HTC One X+
The HTC One X+ is the recently updated version of the One X device which was released in early 2012. Only available through the Telus network, the device is marketed as a premium Android phone, which places it in direct competition with the likes of the iPhone 5 and the Samsung Galaxy S3.
With a 4.7 inch screen, this is a large phone. Though not quite as large as the 4.8 inch Galaxy S3, this phone is noticeably larger than the iPhone 5. The One X+ (0.35 inches/135 grams) is noticeably thicker and heavier than the iPhone 5 (0.3 inches/112 grams), but is comparable to the Galaxy S3 (0.34 inches/133 grams).
Despite a similar form factor to many of the Android “super-phones” that have been released lately, this phone looks quite different thanks to its matte-black shell. This unibody shell is made of a rubberized anti-slip material which feels great to hold and looks cool when the phone is new. Unfortunately, even after a week or so of normal use, mild scuff marks began to appear on the backside, marring the surface of the phone under certain lighting.
The 4.7 inch display uses Super IPS technology and has a pixel density of 312 PPI which while not as high as the iPhone 5 and Galaxy S3, the difference is not noticeable in actual usage. Colors on the screen look decent, and the screen is not too reflective, allowing moderate usability in sunny conditions.
The biggest selling point of this phone has to be the 4G LTE connectivity it offers. According to Telus, with an appropriate data-plan you could be able to reach a theoretical maximum download speed of 75 Mbps while average speeds should be between 12 and 25 Mbps depending on your area.
In my real world tests, the HTC One X+ performed admirably as seen in the screenshot above. Testing in various areas around the GTA including Mississauga and Toronto, I was able to get download speeds ranging between 8 Mbps and 40 Mbps. Though not living up to theoretical standards, this phone is definitely quick when it comes to downloading. To put these speeds into perspective, you would be able to download a 2 hour HD Netflix movie using this device, in as little as 15 minutes compared to 40 minutes on an average home internet connection.
The HTC One X+ comes with Google’s Android 4.1 Jellybean operating system out of the box, which has been slightly modified by HTC. The phone is very fast, loading applications, menus, and web-pages nearly instantly. In terms of raw performance, this phone is one of the best available today, and you will be hard-pressed to find an application or task which will slow it down. It also appears that Google has been able to improve the stability of the operating system in this release as I experienced very few slowdowns and no application crashes during my week testing the phone. The selection of applications in the Android Play app store has also improved over the last year. Most apps that iOS users may be familiar with are now available, and where they are not, strong alternatives are usually available. As with other Android devices, the integration with Google services including Gmail, Google Calendar, and Google Drive, is well executed. If you use any of these services, you will find the built in applications are familiar to use, and perform tasks efficiently.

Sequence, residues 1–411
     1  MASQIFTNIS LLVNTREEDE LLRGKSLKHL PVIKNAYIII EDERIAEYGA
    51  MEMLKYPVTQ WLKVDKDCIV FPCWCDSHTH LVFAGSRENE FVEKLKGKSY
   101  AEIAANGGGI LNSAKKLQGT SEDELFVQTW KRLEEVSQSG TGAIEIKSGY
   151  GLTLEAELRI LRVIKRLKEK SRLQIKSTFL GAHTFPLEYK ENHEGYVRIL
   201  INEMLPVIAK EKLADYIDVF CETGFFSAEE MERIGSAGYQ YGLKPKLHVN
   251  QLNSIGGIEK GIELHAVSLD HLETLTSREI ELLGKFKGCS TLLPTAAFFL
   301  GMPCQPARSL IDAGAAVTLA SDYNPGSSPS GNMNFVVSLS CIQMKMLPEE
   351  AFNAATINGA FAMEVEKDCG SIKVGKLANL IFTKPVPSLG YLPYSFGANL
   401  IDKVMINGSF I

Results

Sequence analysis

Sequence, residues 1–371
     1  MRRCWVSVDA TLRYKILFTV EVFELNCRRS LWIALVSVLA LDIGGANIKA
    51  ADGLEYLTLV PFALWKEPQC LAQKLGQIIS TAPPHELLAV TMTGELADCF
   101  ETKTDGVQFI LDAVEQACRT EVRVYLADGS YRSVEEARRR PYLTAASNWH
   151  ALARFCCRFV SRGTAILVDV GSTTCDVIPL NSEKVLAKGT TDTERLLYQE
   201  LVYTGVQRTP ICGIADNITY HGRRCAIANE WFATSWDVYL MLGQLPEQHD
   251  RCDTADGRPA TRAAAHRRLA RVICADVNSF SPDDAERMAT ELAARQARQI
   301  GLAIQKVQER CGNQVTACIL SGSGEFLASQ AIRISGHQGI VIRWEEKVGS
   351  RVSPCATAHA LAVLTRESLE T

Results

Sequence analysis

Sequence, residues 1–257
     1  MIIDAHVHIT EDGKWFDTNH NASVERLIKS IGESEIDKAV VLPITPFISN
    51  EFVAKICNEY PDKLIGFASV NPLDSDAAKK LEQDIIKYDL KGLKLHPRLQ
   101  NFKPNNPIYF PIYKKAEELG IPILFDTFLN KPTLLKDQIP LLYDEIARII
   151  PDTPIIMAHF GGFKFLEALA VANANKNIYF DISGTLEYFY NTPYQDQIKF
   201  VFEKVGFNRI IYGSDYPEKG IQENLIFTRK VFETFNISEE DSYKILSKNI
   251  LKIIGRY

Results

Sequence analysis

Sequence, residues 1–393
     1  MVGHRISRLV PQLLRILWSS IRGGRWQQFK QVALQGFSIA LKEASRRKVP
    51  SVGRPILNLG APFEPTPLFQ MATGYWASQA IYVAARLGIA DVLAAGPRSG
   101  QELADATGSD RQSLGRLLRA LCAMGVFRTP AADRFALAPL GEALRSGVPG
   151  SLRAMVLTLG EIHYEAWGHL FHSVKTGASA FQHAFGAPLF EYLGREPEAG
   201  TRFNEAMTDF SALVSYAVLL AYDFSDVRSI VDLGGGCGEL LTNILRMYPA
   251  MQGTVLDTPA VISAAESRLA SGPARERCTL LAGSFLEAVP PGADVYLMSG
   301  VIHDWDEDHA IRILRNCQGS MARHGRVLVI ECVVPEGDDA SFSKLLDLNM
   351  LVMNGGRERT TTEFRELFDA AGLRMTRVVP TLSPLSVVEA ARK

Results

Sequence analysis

The HTC One X+ is fitted with a 2100Mah battery similar to many high-end devices today. However, due to its high powered processor and LTE connectivity, this does not translate into significantly higher battery life. In my real world tests, I was typically able to get about a day’s worth of charge. Like most smartphones today, most users will have to charge it on a daily basis.
The camera on the HTC One X+ has an 8 megapixel sensor, and while not as impressive as the iPhone 5 camera, it performs well for a smartphone. Below is a shot I took with the One X+:
HTC One X+ Conclusion:
Overall, the HTC One X+ is a powerful Android Phone with a unique design thanks to its unibody matte-black rubberized shell. LTE connectivity allows this phone to download at impressive speeds, and the Android operating system has improved to the point that in most ways it can compete with Apple’s iOS. In comparison to the iPhone 5, the screen, battery life, and photo quality fall slightly short but for many users interested in using the customizability and Google apps implementation on Android, this may not be a dealbreaker.